MEMBERTOU, N.S. — A Mi’kmaq activist said she felt the presence of missing and murdered Indigenous women as families gathered in Nova Scotia for this week’s community hearings, and their stories of loss deserve to be told.
Cheryl Maloney said she sensed a “healing energy” in the air during Sunday’s opening ceremonies ahead of the three-days of hearings by the inquiry looking into the deaths and disappearances of Indigenous women and girls. The hearings are being held at Membertou First Nation in Cape Breton.
“The purpose of the … ceremonies is to honour the women and the ancestors that are coming here for this truth,” said Maloney. “A lot of people are feeling the presence of the missing and murdered women.”
The president of the Nova Scotia Native Women’s Association is among 40 witnesses who are expected to testify at the hearings, which kick off on Monday.
Many of those gathering to testify participated in a community feast on Sunday evening that included drumming, dancing and singing.
Catherine Martin, a Mi’kmaq filmmaker and storyteller, said during the ceremonies she’s been inspired by the efforts by aboriginal women to bring the stories of missing and murdered aboriginal women and girls to light.
“The strength of these women has inspiring to me. … It’s a commitment to bring these women back to where they should be, a place of honour, a sacred place.”
Maloney said she and other community members are working to “back up” Indigenous women and families as they prepare to share their traumatic stories with the inquiry, which has been criticized for lacking such emotional supports.
The inquiry has been dogged by controversy, including delays and a high-profile resignation, prompting some groups to call for a restart.
Maloney echoed concerns that have been raised in recent months, but said the inquiry should nevertheless push ahead.
“We can’t be very critical … We have to do what we can to make things work,” she said. “It’s not just the families. This is the stories of the life and death of missing and murdered Indigenous women that we’re talking about.”
Maloney said she has lost sleep in anticipation of her testimony before the commissioners on Tuesday, where she will speak on behalf of the family of Victoria Rose Paul of Indian Brook, N.S.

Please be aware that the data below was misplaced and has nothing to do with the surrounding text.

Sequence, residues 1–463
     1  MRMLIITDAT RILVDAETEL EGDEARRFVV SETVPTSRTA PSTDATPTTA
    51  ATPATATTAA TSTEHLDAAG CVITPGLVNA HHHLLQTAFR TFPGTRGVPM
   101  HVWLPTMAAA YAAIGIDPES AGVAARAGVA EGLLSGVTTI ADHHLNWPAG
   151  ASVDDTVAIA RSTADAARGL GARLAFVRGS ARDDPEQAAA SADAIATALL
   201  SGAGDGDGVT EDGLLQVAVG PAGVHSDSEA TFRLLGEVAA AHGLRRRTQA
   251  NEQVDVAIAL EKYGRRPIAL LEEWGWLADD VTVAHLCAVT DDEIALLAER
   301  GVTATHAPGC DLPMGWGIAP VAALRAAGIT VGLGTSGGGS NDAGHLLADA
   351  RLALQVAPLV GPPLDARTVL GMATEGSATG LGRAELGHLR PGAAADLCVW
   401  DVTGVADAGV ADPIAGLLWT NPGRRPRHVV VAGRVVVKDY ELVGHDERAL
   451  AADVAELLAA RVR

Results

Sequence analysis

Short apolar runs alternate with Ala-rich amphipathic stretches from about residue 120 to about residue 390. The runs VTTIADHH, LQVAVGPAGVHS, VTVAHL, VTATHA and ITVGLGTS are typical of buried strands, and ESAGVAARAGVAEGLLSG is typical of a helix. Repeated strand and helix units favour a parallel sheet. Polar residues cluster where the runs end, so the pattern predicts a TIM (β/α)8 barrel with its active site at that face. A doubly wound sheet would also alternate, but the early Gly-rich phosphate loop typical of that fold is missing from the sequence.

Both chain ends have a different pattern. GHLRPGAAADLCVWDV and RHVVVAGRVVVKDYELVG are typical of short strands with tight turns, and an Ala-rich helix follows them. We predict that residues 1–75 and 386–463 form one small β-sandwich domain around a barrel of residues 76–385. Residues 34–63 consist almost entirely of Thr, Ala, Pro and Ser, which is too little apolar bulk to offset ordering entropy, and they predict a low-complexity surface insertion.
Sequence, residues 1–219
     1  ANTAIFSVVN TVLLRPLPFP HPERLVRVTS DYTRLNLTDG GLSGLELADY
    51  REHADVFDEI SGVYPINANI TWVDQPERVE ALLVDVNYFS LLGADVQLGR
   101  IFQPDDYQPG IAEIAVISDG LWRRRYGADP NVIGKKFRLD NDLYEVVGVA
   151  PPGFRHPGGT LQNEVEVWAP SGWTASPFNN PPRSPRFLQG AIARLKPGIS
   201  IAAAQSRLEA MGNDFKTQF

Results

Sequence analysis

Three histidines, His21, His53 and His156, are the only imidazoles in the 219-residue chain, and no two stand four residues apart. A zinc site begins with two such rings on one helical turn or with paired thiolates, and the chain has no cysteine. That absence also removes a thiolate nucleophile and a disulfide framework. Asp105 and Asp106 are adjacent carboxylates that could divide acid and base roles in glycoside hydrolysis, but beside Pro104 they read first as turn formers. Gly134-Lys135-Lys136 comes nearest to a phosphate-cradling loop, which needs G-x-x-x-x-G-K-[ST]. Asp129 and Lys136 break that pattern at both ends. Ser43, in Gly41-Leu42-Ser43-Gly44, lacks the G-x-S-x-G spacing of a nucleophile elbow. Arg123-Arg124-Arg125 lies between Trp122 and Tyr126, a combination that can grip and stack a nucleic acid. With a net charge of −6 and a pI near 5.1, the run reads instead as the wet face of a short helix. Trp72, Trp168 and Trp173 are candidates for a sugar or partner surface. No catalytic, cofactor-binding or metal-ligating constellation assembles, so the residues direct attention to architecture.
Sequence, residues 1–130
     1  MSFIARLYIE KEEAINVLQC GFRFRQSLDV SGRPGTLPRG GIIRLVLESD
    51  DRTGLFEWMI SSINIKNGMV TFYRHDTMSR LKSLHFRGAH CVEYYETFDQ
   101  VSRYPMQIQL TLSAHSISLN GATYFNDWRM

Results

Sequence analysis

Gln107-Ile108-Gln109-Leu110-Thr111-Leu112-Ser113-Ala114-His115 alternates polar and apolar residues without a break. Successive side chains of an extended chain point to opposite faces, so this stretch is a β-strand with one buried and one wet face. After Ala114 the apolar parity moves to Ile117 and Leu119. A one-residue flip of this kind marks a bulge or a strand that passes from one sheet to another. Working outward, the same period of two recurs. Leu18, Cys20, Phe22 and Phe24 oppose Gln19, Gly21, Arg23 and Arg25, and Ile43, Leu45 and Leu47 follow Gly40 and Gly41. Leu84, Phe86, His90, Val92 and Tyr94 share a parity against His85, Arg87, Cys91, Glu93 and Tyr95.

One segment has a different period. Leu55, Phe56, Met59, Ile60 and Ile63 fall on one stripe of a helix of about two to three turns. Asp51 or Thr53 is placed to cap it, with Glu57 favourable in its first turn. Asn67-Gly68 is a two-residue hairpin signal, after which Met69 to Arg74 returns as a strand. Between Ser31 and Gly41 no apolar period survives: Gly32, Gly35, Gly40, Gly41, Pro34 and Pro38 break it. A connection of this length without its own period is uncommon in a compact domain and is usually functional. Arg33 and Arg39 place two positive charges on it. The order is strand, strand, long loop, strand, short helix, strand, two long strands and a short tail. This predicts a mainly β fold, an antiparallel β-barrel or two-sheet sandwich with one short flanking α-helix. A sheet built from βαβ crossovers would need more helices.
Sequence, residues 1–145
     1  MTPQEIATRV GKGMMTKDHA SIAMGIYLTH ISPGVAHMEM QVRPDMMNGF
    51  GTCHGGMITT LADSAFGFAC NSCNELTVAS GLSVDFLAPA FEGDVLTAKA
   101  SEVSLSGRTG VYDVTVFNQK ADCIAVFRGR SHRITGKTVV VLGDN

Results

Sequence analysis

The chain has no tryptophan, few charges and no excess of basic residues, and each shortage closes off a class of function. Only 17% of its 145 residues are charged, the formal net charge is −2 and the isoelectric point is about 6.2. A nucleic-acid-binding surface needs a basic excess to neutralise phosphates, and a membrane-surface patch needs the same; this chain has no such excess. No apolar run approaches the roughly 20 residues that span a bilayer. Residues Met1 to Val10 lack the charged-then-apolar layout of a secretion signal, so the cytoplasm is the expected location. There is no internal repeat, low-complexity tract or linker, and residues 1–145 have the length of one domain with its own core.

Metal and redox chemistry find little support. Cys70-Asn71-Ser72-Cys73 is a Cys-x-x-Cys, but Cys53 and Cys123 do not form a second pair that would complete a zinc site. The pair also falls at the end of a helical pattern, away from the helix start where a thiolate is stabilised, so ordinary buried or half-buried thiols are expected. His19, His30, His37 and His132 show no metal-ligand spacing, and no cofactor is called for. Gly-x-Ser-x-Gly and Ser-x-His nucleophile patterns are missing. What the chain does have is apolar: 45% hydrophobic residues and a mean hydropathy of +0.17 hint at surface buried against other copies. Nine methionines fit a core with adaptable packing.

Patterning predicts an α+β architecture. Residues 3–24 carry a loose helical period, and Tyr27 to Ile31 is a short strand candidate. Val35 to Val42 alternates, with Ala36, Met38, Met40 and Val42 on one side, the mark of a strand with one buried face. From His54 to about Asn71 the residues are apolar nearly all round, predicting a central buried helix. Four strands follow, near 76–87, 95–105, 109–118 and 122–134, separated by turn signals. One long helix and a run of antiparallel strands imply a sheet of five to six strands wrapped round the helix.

The 44-year-old woman died in 2009 after suffering a stroke while in jail for public intoxication.
A review of the Truro, N.S., police’s handling of the incident found that officers did not properly monitor Paul’s health while she was in custody. It also said she was incoherent and left lying on the cement floor of the lockup for four hours in her own urine.
The commission is also expected to hear from the family of murdered Innu student Loretta Saunders.
The 26-year-old’s body was found on the side of a New Brunswick highway in February 2014.
Miriam Saunders said outside the conference area that she hoped to spread the message about the need for improved social services for indigenous women.
“The reason I chose Nova Scotia is that my daughter was murdered here and here is where I feel all my supports are,” she said in an interview the night before the hearings began.
“I’d like to talk about the way my people are being treated. There are many ways they’re being mistreated through different organizations including social services, child welfare. I can see why they’re getting murdered because there’s no supports in our community to help them be stronger people,” she said.
The inquiry has visited three communities across Canada prior to this week’s hearings: Whitehorse, Smithers B.C., and Winnipeg.
An interim report is set to be released on Nov. 1.
— Story by Adina Bresge in Halifax, with files from Michael Tutton.
The Canadian Press